Safe Harbor / Infants — Legislation which aims to improve health outcomes for infants born to drug-addicted mothers has received final approval in the State Senate.  Senate Bill 459, sponsored by Senator Ken Yager (R-Harriman), encourages pregnant women who misuse prescription opioids to access early prenatal care and drug rehabilitation.  In exchange, they would be given a safe harbor from having their parental rights terminated through a petition filed by the Department of Children’s Services due to prenatal drug abuse.  The safe harbor only applies if the mother is seen by an obstetrician provider within the first 20 weeks of her pregnancy, attends regular prenatal visits and complies with substance abuse treatment.  The bill requires treating physicians to give priority at public treatment centers to pregnant women seeking care through provisions of the legislation.

Good news on jobs front — Tennessee has created nearly 80,000 new jobs since 2011 according to Economic and Community Development Commissioner Bill Hagerty.  The Commissioner told committee members his department had held approximately 6,000 meetings with companies looking to locate or expand jobs here and attended over 12,000 meetings with community leaders. Tennessee ranks first in the Southeast in new manufacturing jobs created in 2012 due to increased legislative and administrative efforts to bring new and better paying jobs to the state.

Commerce and Jobs / Legislation Impact Notes — Legislation that requires state lawmakers to look at the impact a proposed law will have on commerce and jobs in Tennessee was approved this week in the Senate State and Local Government Committee.  Senate Bill 116, sponsored by Senator Bill Ketron (R-Murfreesboro), directs the General Assembly’s Fiscal Review Committee to consider, as part of its analysis on proposed legislation, the financial impact of certain bills on commerce and jobs in Tennessee.  Approximately one-third of bills filed in the General Assembly affect business and commerce.  The business-friendly bill is endorsed by the Chattanooga Area Chamber of Commerce, Knoxville Chamber of Commerce, Greater Memphis Chamber of Commerce, Nashville Area Chamber of Commerce and the National Federation of Independent Business (NFIB).

World War I — The Government Operations Committee voted this week to approve legislation recognizing the centenary of WWI.  Senate Bill 9, sponsored by Senator Jim Summerville (R-Dickson), would form a “Great War Commission” that would be charged with facilitating recognition of the 100th anniversary of WWI and Tennessee’s role in that war.  Over 100,000 Tennesseans were drafted or volunteered to serve in the armed services with six of those receiving the Medal of Honor. The commission would be responsible memorializing those Tennesseans that made the ultimate sacrifice and those that returned home severely wounded. It would have the ability to work with national and local organizations, accept loans and donations, and coordinate educational initiatives.

Public Utilities / Pole Attachments — Legislation advanced through the Senate Commerce Committee this week to provide Tennessee with a specific framework to promote efficient, fair and reasonable rates for cable and internet providers to attach communications gear to poles owned by electric cooperatives and municipal utilities.  Senate Bill 1222, sponsored by Senate Speaker Pro Tempore Bo Watson (R-Hixson), provides a method for calculating the costs of pole attachments.  The bill also provides a fair process for dispute resolution through an Administrative Law Judge in cases when the electric cooperative or the municipality disagree about the costs for pole attachment.  In addition, the legislation puts a cap on what can be charged for the attachment.  Finally, the bill sets up a 12-member operation working group with 6 members from each side to continue to keep the lines of communication open regarding pole attachment issues in the future.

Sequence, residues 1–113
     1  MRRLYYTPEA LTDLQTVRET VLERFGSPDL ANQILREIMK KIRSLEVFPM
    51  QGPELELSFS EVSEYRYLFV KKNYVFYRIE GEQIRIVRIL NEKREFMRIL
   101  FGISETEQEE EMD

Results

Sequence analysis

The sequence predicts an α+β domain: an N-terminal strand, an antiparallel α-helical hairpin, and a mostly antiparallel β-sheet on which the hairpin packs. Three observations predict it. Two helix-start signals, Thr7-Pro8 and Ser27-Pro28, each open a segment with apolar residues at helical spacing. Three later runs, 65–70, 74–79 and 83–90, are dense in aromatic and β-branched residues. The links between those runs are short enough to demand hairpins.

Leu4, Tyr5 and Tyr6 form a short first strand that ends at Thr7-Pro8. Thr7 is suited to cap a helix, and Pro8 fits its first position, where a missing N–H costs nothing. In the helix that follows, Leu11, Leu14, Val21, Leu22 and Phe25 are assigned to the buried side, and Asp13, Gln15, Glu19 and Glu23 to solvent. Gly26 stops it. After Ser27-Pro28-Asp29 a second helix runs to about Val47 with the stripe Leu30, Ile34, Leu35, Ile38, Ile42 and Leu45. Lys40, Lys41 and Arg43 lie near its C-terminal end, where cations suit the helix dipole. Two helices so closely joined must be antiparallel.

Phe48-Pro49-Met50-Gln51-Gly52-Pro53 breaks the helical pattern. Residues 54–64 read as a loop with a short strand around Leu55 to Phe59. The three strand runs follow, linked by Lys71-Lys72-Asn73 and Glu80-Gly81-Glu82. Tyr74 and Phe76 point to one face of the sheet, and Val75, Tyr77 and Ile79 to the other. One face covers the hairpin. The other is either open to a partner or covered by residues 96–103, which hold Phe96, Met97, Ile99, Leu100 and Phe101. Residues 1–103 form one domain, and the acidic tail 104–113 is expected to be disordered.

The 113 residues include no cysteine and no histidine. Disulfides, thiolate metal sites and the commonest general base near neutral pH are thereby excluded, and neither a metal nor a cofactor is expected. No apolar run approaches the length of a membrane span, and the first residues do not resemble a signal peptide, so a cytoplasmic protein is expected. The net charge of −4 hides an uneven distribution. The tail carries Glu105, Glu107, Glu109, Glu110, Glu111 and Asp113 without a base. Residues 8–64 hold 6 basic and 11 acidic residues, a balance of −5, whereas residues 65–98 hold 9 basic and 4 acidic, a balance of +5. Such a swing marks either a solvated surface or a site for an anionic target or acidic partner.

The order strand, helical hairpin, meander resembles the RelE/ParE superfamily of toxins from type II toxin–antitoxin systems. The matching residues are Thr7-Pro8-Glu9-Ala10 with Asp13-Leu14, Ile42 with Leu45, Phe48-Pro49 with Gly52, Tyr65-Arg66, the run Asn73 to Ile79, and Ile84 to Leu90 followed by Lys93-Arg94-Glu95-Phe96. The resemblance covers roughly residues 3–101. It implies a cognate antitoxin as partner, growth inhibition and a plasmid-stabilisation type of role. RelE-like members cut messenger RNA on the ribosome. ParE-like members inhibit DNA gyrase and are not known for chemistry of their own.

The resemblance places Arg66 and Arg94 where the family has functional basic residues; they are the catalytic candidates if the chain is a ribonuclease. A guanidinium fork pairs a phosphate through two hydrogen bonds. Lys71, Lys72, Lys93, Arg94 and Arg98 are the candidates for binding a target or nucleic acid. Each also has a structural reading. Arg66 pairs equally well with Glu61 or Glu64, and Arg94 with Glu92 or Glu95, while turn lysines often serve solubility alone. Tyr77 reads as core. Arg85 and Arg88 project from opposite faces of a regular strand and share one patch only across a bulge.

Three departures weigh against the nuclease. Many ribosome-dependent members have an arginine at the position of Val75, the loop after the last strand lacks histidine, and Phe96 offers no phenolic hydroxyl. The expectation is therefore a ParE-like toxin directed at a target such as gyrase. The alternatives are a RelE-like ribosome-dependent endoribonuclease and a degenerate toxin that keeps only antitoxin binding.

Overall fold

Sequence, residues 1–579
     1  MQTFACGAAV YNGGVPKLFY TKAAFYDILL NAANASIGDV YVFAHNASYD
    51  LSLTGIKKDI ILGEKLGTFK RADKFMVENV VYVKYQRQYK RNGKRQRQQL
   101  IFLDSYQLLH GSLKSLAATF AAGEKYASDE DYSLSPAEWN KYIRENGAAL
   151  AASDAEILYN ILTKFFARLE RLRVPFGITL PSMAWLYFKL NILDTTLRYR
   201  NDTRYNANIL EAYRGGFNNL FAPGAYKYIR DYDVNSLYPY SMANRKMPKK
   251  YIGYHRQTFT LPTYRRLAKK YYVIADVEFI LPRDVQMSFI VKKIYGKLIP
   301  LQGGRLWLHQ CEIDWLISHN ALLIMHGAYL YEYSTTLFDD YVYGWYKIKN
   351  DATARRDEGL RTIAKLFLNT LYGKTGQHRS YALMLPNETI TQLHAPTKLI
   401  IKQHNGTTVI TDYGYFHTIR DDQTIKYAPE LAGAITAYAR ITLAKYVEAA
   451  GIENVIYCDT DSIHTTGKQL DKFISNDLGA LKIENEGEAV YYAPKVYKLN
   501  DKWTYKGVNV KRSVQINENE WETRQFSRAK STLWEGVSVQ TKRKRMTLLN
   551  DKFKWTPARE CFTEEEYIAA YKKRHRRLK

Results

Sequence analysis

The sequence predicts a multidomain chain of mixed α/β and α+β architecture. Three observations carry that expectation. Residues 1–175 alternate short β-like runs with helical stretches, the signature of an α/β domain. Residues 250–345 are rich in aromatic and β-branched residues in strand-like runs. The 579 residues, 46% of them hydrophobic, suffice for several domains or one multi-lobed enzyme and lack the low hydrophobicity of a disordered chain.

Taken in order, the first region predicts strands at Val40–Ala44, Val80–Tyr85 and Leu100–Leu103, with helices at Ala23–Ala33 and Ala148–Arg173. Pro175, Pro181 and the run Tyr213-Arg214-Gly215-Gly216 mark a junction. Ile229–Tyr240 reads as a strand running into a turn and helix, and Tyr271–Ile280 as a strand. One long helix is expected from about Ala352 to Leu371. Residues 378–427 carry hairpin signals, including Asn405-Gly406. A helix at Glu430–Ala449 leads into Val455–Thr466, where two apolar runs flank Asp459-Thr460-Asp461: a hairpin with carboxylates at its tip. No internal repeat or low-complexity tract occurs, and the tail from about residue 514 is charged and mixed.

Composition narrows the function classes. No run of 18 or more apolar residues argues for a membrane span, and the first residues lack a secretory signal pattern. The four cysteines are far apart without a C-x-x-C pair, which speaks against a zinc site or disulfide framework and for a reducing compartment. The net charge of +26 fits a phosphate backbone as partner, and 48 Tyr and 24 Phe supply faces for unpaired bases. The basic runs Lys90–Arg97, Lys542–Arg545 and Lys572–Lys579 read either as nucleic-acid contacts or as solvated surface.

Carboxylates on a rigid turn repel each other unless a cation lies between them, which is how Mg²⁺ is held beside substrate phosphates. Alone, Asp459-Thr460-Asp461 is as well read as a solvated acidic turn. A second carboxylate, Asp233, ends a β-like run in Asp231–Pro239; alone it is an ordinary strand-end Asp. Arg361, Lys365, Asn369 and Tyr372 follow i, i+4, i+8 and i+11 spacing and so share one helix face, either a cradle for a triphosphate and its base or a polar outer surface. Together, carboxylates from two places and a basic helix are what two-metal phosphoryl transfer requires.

Armed Forces / Leave — The full Senate has approved legislation that would enable public employees who are members of any reserve component of the armed forces to use up to five days of sick leave in lieu of annual leave so that the service member would not have to take leave without pay. Senate Bill 667, proposed by Senator Dolores Gresham (R-Somerville), includes members of the Tennessee Army and Air National Guard. In order to qualify for this benefit, the employee must have received 20 working days of compensation.

Polling Places — State Senators have approved Senate Bill 549, sponsored by Senator Mike Bell (R-Riceville), which allows only US citizens to enter polling places. The legislation would also require that polling volunteers also be citizens. “I believe the most sacred place in our government is the polling place. This bill is about protecting the integrity of the elections,” said Bell.

Schools / Medal of Honor Character Development Program — Final approval has been given to Senate Joint Resolution 45, sponsored by Senator Becky Massey (R-Knoxville), which encourages the use of the Congressional Medal of Honor Character Development Program by Tennessee public schools. The nationwide program sponsored by the Congressional Medal of Honor Foundation seeks to incorporate the ideals of courage and selfless service into middle and high school curriculum across the country.